Op-Ed: Causing Blindness

September 7, 2011

By Alan Regenberg


Last Tuesday, the NY Times published an article entitled “Avastin injections are reported to cause blindness”. This is a great example of a terrible headline. A less misleading/more accurate headline, “Contaminated Avastin injections from a single pharmacy are reported to cause infections, blindness in at least 12 patients”.  I should note that the remainder of this article presented the story in a reasonably accurate and balanced manner.

 

By way of some very brief context – the sad chapter described in this article adds to an already depressing saga about drug pricing, health policy, and the drugs Avastin and Lucentis for the treatment of a form of age-related macular degeneration (wet-AMD).

 

As the article indicates, the off-label use of Avastin to treat wet-AMD costs about $50 per injection as compared to $2000 for an injection of the virtually identical Lucentis (Lucentis is FDA approved for the treatment of wet-AMD).  The budgetary/health policy implications of being 40 times as expensive can be further magnified by the approximately 250,000 patients treated for wet-AMD annually in the US alone.

 

A Genentech spokeperson correctly notes that Avastin is not manufactured or approved for use in the eye. The spokesperson, however, also asserts that Avastin has not been ‘proven safe’ for use in the eye. Like the headline, this statement is misleading.

 

The most recent major study comparing Avastin and Lucentis appeared in the New England Journal of Medicine this past May. This study again demonstrated that Avastin and Lucentis had similar effects when used to treat wet-AMD. The study did show a statistically significant increase in the Avastin group for certain types of adverse effects. But, the actual rates of adverse effects, in either case, was consistent with both drugs being deemed ‘safe’. In addition, the study didn’t include enough subjects to be able to offer decisive evidence about these sorts of adverse effects, more study is required. The NY Times article also notes that there is vast experience with Avastin in practice, with an estimated two million injections into eyes in the US alone since 2005.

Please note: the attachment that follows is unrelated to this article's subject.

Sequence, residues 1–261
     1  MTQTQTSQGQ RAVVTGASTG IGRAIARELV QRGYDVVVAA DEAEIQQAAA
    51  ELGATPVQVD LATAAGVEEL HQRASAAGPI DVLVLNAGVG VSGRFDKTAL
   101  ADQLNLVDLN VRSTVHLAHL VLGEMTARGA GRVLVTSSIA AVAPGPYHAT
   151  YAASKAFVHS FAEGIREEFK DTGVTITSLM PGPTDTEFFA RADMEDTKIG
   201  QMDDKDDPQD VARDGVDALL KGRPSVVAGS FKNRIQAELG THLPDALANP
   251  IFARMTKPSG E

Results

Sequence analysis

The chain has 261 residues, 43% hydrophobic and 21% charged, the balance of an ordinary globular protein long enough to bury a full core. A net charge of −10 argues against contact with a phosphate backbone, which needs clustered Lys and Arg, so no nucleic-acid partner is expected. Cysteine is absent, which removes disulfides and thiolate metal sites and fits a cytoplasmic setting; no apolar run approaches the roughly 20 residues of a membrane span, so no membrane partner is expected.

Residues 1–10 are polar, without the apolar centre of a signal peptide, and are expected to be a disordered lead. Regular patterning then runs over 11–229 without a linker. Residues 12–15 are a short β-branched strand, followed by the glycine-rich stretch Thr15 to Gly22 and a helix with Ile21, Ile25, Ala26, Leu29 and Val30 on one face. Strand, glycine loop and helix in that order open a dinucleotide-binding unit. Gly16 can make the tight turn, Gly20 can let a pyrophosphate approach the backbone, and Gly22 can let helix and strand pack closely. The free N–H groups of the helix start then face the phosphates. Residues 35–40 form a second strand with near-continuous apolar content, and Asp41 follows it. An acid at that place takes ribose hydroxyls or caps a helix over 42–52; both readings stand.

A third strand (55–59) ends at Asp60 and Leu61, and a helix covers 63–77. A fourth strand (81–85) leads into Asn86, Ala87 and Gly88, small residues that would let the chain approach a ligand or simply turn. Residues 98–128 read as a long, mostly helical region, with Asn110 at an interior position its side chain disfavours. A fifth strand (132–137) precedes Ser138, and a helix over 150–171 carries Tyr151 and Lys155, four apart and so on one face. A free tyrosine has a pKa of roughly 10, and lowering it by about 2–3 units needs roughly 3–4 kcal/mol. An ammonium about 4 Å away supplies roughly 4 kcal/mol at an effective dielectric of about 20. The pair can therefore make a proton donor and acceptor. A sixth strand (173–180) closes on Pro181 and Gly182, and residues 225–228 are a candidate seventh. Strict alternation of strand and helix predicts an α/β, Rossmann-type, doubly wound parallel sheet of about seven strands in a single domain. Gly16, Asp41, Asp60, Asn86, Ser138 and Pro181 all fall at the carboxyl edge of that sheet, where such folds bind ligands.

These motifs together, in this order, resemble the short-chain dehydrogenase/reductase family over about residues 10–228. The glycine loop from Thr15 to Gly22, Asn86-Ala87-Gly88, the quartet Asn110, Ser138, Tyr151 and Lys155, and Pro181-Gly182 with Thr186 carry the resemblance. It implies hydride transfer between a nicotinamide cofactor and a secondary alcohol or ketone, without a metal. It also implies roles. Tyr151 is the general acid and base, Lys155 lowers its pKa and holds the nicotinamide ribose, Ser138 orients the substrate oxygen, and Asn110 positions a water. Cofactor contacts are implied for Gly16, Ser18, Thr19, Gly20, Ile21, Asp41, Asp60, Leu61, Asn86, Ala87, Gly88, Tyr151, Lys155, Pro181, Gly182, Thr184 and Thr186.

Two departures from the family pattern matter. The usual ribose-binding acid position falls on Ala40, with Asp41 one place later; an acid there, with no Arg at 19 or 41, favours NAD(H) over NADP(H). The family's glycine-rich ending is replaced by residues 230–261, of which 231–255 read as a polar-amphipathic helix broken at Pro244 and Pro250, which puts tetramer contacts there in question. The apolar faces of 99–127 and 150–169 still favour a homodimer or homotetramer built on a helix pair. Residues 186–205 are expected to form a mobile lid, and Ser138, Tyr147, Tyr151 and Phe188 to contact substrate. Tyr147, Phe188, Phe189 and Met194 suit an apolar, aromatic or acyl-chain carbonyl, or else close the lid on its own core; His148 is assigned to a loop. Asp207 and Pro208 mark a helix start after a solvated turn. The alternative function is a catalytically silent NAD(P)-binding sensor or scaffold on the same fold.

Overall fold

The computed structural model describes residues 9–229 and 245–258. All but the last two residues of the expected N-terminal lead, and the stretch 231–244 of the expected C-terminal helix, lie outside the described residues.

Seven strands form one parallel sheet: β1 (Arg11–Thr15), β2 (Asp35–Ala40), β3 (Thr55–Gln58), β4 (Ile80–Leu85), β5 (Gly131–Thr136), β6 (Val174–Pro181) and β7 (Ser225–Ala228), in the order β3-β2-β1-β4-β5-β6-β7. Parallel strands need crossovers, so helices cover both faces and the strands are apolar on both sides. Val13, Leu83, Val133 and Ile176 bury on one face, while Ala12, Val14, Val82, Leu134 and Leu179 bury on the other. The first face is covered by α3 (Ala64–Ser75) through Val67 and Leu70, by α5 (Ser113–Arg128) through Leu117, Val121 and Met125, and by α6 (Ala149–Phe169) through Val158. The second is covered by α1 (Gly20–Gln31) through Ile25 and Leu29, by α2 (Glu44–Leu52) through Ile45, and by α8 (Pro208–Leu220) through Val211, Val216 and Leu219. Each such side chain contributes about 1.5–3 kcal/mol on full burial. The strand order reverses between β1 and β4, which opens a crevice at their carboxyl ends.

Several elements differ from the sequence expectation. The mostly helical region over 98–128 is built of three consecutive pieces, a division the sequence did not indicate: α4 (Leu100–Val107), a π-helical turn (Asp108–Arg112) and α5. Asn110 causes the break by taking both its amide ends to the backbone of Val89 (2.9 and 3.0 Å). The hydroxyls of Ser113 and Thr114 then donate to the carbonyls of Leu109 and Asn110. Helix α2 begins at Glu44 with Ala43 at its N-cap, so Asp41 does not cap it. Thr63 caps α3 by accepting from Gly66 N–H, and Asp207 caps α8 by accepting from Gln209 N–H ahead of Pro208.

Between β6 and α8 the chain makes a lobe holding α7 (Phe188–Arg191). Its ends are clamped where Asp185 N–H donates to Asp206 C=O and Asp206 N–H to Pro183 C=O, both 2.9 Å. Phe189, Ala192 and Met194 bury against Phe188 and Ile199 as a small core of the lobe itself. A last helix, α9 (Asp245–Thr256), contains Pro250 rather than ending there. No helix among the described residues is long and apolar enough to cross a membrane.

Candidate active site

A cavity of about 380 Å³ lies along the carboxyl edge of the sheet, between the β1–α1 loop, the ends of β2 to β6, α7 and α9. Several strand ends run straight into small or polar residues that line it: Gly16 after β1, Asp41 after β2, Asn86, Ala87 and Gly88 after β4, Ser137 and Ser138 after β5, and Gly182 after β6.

The irony in this particular case is that while Genentech’s spokesperson is voicing concerns about the safety of Avastin, their policies can be seen as, at least, partially responsible for this particular mishap (with contaminated doses infecting and blinding patients). It seems just as reasonable to say ‘Genentech’s pricing policies cause blindness’ as ‘Avastin injections cause blindness’. If this manufacturer were primarily and broadly concerned about safety, they could either seek FDA approval for the use of Avastin for wet-AMD, allowing them to sell carefully prepared $50 doses manufactured in their facilities with carefully monitored good manufacturing practices (this ought to still result in profits, assuming that their initial pricing of Avastin was sound business). Alternately, they could simply reduce the price Lucentis to a level where it’s reasonably competitive with Avastin eliminating the incentive to use Avastin for wet-AMD.

 

Without going too far down a complex path, what might be required is more stringent regulation of drug pricing in the US. We should expect a for-profit corporation to be primarily motivated by maximizing profits, thus we should have a robust mechanism to restore balance when profits inevitably collide with concerns like health and safety, such as is the case here.

 

Alan Regenberg, MBe, is the Bioethics Research Manager at the Johns Hopkins Berman Institute of Bioethics. He is currently developing strategies to use social media as a tool for broad public engagement around issues in bioethics. You can follow him  @bermaninstitute or, using his inside voice @aregenberg.

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